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Homework Help: The current given from a Car Battery?

  1. Aug 22, 2010 #1
    Hi guys, this is my first thread, and im not sure where i'm supposed to put this so I hope this is ok? if not, please tell me how and where i can move it to
    Ok, just a simple question that i can't seem to find anywhere, what is the current which is given out by a car battery?
    Thanks, Tinger
  2. jcsd
  3. Aug 22, 2010 #2


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    Science Advisor

    You can't find it anywhere because there is no such thing as "the current which is given out by a car battery".

    A car battery has a specific voltage (typically 12 volts although some cars have 6 volt batteries). The current produced by that battery depends upon the resistance and load of a particular application (which will vary depending on whether the radio is on, the air conditioning is on, etc.)

    Current= voltage divided by resistance.
  4. Aug 22, 2010 #3
    ohh so it would be impossible to make a circuit using the power from a car battery to power an infra-red LED? because the current given would be ever changing?
  5. Aug 22, 2010 #4
    A car battery can deliver a few hundred amperes for a short time. This is known as it's cranking current as when you are starting your car. You would need a bank of several hundred IR LEDs in parallel and series in order not to blow them all up instantly.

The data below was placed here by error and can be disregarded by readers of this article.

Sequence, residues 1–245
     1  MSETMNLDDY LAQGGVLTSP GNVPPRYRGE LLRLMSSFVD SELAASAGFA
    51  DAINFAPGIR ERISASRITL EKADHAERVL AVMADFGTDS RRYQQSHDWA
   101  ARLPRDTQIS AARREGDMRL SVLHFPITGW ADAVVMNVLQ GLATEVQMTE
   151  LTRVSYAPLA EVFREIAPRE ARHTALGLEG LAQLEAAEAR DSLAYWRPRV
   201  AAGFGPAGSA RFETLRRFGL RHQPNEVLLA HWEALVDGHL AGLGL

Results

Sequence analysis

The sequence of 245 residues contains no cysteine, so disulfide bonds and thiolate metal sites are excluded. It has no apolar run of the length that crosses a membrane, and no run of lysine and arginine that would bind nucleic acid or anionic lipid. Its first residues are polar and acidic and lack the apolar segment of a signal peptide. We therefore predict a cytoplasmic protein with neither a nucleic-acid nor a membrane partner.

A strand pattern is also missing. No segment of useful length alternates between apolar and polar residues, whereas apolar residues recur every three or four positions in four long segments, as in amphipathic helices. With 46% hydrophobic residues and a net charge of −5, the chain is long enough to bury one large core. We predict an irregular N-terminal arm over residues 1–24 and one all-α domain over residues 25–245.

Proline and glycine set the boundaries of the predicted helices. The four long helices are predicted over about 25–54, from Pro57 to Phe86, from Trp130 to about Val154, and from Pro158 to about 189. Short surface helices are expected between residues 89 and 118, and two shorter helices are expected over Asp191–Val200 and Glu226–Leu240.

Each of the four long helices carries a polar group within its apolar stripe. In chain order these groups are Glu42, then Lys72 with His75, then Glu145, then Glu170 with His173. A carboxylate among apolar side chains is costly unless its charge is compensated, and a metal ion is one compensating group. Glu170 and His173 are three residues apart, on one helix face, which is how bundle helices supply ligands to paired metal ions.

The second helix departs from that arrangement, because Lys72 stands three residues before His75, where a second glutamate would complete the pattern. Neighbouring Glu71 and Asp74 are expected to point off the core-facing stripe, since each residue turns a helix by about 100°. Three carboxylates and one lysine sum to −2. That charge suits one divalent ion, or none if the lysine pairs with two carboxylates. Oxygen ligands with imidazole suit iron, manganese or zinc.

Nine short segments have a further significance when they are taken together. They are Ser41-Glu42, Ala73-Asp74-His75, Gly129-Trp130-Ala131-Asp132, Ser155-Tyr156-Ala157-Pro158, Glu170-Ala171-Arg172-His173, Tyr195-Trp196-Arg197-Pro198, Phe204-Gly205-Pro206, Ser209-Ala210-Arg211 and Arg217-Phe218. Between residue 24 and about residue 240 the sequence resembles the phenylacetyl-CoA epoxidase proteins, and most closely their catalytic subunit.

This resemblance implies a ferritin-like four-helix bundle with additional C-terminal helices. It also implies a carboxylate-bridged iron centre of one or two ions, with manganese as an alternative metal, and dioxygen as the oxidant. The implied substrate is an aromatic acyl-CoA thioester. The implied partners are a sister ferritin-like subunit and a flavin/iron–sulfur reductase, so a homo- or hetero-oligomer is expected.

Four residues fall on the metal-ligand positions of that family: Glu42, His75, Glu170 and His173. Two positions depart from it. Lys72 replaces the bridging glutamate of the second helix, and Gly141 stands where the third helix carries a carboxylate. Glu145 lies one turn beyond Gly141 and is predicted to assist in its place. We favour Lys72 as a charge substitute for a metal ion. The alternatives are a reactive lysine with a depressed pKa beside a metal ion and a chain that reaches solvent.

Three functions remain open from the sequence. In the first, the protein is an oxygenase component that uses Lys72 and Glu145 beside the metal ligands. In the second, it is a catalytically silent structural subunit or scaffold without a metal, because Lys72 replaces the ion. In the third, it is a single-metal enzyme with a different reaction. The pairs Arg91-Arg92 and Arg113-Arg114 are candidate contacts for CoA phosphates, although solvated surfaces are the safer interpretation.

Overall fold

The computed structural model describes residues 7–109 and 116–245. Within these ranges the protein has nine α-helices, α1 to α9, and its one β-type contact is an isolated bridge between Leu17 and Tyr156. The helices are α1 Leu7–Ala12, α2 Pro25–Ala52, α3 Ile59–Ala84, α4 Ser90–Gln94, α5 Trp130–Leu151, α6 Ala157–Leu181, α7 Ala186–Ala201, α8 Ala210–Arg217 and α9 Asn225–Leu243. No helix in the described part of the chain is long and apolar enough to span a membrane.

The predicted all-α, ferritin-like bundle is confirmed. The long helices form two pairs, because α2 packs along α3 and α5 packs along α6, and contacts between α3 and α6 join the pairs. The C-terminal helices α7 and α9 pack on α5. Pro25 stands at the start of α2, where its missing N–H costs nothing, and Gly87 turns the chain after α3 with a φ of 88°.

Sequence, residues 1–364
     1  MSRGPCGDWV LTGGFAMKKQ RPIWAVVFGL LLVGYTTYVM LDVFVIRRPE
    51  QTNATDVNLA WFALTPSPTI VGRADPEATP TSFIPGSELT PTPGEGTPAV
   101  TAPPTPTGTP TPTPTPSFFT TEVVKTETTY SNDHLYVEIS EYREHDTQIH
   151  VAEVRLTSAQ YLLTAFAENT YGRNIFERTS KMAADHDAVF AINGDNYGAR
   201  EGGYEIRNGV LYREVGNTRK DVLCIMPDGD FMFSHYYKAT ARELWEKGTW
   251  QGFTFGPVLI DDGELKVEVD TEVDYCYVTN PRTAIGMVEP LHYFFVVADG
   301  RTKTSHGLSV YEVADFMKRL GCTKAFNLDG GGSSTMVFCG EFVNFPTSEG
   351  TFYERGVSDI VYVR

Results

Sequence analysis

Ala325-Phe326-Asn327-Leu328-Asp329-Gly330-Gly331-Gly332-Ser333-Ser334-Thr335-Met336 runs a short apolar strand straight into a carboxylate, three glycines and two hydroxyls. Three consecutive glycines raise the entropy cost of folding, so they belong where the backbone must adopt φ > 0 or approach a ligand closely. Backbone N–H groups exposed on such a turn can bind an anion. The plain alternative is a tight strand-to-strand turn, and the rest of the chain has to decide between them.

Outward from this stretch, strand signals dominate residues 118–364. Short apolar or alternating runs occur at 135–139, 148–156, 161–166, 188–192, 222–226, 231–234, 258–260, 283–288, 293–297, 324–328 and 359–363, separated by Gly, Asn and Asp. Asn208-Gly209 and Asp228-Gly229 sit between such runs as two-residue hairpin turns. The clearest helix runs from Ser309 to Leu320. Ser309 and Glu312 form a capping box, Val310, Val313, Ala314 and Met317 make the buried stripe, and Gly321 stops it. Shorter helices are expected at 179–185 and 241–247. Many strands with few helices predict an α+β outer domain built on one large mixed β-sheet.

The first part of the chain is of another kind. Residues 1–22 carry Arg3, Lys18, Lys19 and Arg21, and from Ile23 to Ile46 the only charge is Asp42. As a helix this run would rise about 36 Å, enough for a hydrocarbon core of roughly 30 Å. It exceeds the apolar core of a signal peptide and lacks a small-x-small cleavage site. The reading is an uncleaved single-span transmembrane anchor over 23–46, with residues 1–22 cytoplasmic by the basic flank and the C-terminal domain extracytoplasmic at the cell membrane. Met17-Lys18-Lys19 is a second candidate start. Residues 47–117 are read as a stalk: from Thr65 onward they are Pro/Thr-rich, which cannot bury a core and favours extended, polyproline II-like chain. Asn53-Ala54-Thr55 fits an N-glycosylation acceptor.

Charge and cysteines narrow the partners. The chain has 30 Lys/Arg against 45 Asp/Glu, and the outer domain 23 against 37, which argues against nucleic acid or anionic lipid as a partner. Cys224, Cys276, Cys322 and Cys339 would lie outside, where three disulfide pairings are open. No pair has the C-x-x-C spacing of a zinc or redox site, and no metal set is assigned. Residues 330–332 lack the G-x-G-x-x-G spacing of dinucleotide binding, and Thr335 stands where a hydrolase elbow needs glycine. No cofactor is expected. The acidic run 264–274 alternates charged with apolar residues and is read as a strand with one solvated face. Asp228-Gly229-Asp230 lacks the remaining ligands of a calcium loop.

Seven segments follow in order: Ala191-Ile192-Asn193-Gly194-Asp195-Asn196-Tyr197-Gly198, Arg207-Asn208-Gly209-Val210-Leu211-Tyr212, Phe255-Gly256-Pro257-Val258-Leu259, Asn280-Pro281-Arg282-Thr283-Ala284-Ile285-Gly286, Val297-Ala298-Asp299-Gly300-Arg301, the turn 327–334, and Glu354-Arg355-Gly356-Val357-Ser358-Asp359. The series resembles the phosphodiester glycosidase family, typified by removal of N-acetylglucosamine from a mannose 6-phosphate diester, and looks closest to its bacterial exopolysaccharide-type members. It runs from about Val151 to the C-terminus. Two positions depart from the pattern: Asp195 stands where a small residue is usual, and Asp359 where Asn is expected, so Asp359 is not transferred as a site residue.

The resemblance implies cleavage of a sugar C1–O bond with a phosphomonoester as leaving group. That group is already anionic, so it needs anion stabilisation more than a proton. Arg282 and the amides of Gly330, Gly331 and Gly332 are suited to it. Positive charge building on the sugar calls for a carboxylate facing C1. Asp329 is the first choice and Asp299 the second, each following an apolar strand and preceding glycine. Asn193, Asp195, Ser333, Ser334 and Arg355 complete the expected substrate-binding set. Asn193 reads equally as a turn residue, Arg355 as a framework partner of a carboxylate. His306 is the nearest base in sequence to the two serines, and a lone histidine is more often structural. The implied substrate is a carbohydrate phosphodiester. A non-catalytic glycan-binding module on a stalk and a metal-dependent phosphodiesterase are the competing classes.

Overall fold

6. Aug 22, 2010 #5
    Would a high value resistor work to protect the IR LEDs?
  7. Aug 22, 2010 #6
    Yes it would. You would decide how much current you wanted to pass through the led. The led will operate at a near constant voltage. You subtract this voltage from 12 for the car battery. What's left is the voltage across the resistor. Using Ohms law you can then work out the value of the resistor.
  8. Aug 22, 2010 #7
    yeah i understand that but you said that the battery gave a spike in current, wouldn't that mean that the current received when the car had started would be too low then and the current reaching the IR LED would be almost nothing?
  9. Aug 22, 2010 #8


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    Staff: Mentor

    Yes, but one LED in series with a correct resistor will do the trick.
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